Fraud on UK credit and debit cards has risen again, driven up by the use of counterfeit cards in foreign countries.
Cards are increasingly being cloned and used abroad to commit fraud
The banking payments body Apacs says fraud abroad rose by 126% in the first half of the year, compared with the first six months of 2006.
That in turn drove up losses due to all credit card fraud by 26% to £264m.
Apacs says fraudsters are being forced to copy stolen cards and then use them abroad because the chip-and-pin system has made fraud in the UK harder.
"These figures show how the fraudsters have changed tack," said Sandra Quinn of Apacs.
"A couple of years ago they were mainly stealing cards and card details for use in UK shops and cash machines.
"But today, because of chip-and-pin, they have been driven overseas - using fake magnetic stripe cards specifically in countries which have yet to upgrade to chip-and-pin," she added.
Changing patterns of fraud
This latest trend appears to be reversing the drop in overall card fraud seen in 2005 and 2006.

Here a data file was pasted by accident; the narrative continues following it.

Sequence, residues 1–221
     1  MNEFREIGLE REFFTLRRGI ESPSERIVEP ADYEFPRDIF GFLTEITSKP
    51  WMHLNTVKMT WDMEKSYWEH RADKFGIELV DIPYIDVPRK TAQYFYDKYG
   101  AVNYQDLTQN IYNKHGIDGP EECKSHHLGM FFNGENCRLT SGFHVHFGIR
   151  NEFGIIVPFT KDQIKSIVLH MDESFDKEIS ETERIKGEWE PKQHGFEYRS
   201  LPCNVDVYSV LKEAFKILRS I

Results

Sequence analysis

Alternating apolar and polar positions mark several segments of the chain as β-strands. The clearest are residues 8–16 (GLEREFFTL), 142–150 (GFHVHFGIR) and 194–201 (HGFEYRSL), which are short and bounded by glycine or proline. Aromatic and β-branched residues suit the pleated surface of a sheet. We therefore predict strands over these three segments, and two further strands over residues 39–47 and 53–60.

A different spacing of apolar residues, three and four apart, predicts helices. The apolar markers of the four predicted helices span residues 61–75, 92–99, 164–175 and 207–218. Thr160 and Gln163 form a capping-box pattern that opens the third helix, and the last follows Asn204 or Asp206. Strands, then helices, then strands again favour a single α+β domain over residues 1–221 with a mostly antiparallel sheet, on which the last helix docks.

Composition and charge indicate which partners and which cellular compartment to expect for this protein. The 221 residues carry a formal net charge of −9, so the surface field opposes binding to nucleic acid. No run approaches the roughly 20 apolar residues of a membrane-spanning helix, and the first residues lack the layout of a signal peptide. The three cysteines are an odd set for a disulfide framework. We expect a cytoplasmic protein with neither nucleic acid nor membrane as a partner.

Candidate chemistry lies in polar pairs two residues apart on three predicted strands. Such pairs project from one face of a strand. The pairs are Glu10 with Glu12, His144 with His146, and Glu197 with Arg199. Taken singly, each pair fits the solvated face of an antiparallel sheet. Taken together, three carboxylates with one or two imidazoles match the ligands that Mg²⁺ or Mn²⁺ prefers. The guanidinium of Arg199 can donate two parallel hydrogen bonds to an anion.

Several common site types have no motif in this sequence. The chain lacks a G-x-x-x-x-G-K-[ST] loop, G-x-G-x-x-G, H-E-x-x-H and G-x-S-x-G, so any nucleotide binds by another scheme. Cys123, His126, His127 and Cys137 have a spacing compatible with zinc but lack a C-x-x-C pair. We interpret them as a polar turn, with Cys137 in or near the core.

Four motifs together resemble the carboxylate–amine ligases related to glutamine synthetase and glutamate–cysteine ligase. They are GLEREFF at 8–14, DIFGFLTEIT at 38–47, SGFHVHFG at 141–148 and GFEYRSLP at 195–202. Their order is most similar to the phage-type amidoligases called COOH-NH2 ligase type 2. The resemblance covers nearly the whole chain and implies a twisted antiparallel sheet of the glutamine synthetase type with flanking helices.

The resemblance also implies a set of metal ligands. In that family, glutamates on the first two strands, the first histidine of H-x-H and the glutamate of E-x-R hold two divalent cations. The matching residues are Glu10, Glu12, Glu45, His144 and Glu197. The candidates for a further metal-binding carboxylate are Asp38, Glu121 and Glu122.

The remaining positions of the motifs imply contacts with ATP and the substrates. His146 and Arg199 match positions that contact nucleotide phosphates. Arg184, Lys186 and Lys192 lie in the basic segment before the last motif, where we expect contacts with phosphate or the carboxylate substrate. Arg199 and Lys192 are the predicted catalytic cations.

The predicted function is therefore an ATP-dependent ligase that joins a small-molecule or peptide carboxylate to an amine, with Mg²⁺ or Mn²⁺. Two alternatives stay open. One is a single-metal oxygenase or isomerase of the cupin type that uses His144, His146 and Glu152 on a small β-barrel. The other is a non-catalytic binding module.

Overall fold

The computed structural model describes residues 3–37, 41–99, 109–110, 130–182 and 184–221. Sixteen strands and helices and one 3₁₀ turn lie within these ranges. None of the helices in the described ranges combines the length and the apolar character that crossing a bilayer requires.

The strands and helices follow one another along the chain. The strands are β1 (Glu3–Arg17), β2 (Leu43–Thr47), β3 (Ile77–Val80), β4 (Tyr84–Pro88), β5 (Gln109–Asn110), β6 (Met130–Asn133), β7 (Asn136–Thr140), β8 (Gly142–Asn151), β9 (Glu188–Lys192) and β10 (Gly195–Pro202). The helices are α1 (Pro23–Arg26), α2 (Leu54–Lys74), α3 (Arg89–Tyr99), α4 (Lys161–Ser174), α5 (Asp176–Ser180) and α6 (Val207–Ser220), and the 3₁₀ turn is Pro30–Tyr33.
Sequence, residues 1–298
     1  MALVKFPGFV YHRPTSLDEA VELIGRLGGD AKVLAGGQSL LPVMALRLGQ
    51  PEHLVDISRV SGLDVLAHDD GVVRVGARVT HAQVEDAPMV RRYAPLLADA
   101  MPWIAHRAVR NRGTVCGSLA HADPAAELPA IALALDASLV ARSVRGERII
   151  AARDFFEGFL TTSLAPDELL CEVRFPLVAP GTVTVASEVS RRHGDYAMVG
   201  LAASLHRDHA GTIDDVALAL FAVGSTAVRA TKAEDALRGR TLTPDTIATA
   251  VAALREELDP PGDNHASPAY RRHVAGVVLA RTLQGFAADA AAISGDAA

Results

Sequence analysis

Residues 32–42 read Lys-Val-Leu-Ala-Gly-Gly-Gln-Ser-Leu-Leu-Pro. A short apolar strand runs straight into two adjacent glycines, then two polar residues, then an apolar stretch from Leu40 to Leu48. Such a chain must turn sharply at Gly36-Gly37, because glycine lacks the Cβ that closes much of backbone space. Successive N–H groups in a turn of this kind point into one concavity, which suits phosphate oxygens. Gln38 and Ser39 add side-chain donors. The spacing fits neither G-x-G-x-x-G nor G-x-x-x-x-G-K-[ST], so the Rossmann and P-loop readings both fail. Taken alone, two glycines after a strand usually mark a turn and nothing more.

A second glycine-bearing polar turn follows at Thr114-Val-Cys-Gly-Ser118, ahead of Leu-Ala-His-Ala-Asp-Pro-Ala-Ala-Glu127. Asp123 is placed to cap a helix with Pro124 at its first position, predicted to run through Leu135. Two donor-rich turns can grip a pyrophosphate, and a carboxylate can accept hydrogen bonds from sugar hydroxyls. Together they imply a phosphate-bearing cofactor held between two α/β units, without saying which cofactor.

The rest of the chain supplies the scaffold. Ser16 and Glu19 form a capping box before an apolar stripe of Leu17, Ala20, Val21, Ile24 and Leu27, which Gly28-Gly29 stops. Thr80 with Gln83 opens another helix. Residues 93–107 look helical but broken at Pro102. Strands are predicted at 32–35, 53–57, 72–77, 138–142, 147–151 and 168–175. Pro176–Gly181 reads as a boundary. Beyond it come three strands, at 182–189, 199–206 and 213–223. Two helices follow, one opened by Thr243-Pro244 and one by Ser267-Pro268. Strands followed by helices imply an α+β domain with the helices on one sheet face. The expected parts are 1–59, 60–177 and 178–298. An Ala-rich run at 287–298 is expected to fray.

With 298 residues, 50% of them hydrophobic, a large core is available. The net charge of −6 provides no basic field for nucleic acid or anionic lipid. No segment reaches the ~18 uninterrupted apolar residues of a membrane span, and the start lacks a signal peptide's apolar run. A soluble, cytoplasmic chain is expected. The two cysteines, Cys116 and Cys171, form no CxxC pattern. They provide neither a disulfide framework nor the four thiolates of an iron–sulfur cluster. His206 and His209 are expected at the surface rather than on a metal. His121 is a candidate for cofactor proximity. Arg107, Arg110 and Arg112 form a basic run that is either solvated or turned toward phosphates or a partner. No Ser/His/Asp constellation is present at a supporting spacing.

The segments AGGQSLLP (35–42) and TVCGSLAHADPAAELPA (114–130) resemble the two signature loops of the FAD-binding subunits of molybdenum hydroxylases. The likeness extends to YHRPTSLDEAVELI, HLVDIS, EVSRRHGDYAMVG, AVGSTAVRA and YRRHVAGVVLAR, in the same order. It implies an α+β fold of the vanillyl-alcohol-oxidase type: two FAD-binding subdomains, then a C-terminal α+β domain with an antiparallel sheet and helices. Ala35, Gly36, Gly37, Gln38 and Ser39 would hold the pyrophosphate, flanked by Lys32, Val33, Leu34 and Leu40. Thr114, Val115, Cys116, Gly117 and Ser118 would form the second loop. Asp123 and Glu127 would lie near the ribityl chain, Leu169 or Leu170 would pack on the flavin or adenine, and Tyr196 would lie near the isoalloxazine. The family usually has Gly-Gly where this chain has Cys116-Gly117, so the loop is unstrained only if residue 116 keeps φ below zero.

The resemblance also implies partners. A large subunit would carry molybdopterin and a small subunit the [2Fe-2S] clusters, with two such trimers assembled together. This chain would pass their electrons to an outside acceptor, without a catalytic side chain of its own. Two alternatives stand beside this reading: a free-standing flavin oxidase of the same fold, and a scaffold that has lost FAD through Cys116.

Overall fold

Last year, losses suffered by financial institutions, retailers and individuals fell by 3% to £428m.
But as well as a surge in the use of counterfeit cards abroad, there has a been a rise in losses from fraud where the card is not present, such as online, phone or mail order transactions.
These have shot up by 44% to £137m in the first half of the year.
Apacs argues that this has been driven by the increasing volume of internet shopping.
Anti-fraud measures, principally chip-and-pin, are showing success in other areas once regarded as a big problem.
Losses due to cards being stolen in the post have been halved to just £5m in the first half of the year.
And losses due to stolen cards being used to take out money from cash machines have also slumped, by 57% to £17m.
Overall this contributed to card fraud in the UK dropping by 4%, but fraud abroad soared because of the use of counterfeit cards.
The banking industry says that the amount of online banking fraud is also being driven down by increased security measures.
So far this year two big UK banks - Barclays and Royal Bank of Scotland - have started issuing card readers as extra security devices to customers who use their online bank accounts.
The Apacs figures show a drop of 67% in online banking fraud, to £8m in the first half of the year, despite a surge in so-called phishing incidents reported to the authorities.
Phishing frauds typically involve customers being fooled by fake e-mails, claiming to be from a bank, which lure the customers into revealing their bank or credit card details.